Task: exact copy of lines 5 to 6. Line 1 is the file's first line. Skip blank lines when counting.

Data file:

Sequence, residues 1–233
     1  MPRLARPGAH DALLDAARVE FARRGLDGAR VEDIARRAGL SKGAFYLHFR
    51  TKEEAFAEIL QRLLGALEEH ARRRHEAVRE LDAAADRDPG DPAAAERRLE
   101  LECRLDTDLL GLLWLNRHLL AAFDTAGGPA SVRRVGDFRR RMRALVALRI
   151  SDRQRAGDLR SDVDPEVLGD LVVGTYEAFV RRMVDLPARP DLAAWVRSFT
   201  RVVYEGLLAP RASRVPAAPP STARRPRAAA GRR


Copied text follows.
   151  SDRQRAGDLR SDVDPEVLGD LVVGTYEAFV RRMVDLPARP DLAAWVRSFT
   201  RVVYEGLLAP RASRVPAAPP STARRPRAAA GRR